This week, the Tulsa World reported that Tulsa Public Schools pledged to provide longitudinal data to track Kendall-Whittier and Eugene Field students as they progress through school.  This collaboration also includes a pledge to join with other partners in efforts to reform educational strategies. Taken together, this means CAP is in a better position to compete for a $7 million dollar grant to provide cradle-to-career services to children in the Eugene Field and Kendall-Whittier neighborhoods. (more…)

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I haven’t had the time to read all 118(!) pages of this report, but I wanted to share it before it gets swallowed by the paper monster that is my desk right now.  The Board of Governors of the Federal Reserve System published Putting Data to Work: Data-Driven Approaches to Strengthening Neighborhoods

The report looks at how communities are building and using data systems to target resources.  Individual sections are written by authors from The Urban Institute, LISC, Brookings, The Reinvestment Fund, and other organizations.  The report is part of a broader effort from the Federal Reserve, Urban Institute, The Reinvestment Fund, and LISC to “help communities develop the infrastructure and data sources they need to make strategic policy decisions with respect to neighborhood stabilization.”

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As part of a new project at CAP, each month we will be featuring a guest blogger from across the agency.  Kirk Wester  Director of  Neighborhood Revitalization Initiatives, is our second blogger.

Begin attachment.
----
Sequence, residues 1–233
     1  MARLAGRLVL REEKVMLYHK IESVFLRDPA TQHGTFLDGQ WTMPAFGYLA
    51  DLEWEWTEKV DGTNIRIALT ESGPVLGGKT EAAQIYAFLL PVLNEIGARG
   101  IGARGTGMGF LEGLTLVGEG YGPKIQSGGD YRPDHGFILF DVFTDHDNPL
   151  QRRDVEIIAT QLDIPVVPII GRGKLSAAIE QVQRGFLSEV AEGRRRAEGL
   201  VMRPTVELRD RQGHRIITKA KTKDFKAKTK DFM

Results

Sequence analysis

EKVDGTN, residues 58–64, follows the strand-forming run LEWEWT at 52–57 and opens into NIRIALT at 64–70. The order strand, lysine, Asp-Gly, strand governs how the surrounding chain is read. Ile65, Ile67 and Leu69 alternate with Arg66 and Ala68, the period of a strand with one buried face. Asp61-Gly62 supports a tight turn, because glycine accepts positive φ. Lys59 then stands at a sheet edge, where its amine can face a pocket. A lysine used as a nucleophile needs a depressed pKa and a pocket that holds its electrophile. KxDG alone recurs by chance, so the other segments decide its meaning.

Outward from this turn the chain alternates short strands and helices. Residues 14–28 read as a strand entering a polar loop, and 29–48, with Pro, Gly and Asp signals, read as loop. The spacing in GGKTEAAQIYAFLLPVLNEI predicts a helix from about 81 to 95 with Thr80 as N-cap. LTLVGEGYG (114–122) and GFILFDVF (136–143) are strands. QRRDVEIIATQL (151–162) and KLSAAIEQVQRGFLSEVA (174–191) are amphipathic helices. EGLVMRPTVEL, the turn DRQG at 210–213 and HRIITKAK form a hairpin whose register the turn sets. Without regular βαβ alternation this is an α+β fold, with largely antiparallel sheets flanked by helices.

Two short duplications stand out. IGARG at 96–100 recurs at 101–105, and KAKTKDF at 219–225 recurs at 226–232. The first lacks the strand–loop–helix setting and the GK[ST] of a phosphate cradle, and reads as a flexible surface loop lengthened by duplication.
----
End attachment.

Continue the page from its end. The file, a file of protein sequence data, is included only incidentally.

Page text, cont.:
As someone whose job it is to work to revitalize neighborhoods and to bring about systemic change, I am intrigued by the idea of a man named Robert Lupton, PhD. He developed an idea he calls, “Gentrification with Justice.” He starts with the belief that the deterioration of our nation’s urban landscape came as mobility and the capacity for independence paved the way for a mass exodus of resources from urban areas to the suburbs. In his book, Return Flight, he describes a neighborhood in his home of Atlanta, called Summerhill as this shift to the suburbs occurred following the Civil Rights Movement: (more…)

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Wow!  The weather here in Oklahoma has been crazy the last 2 weeks.  We have experienced 75 and sunny, record snow fall, record lows (Can you believe it was colder here than the South Pole?), and back to 70 and sunny.  During the days stuck in my apartment during Snowpocalypse 2011, I had time to make a small dent in my stack of articles and reports.  This post will be a quick rundown of two.  I will probably do longer posts later, when I have more time to invest in proper blog posts. 


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PLANiTULSA Final Comments

PLANiTULSA will present a final draft of its comprehensive planning document on Tuesday, January 19. The presentation begins at 6pm at the Central Center at Centennial Park, 1028 E. 6th St.

You can read chapters of the draft plan, which include land use, transportation, economic development, housing, and parks and open space, at www.planitulsa.org.

Audience members will be able to express their opinions throughout the presentation using “clickers.” It’ll be just like sitting at home on a Tuesday night, except you won’t be able to change the channel!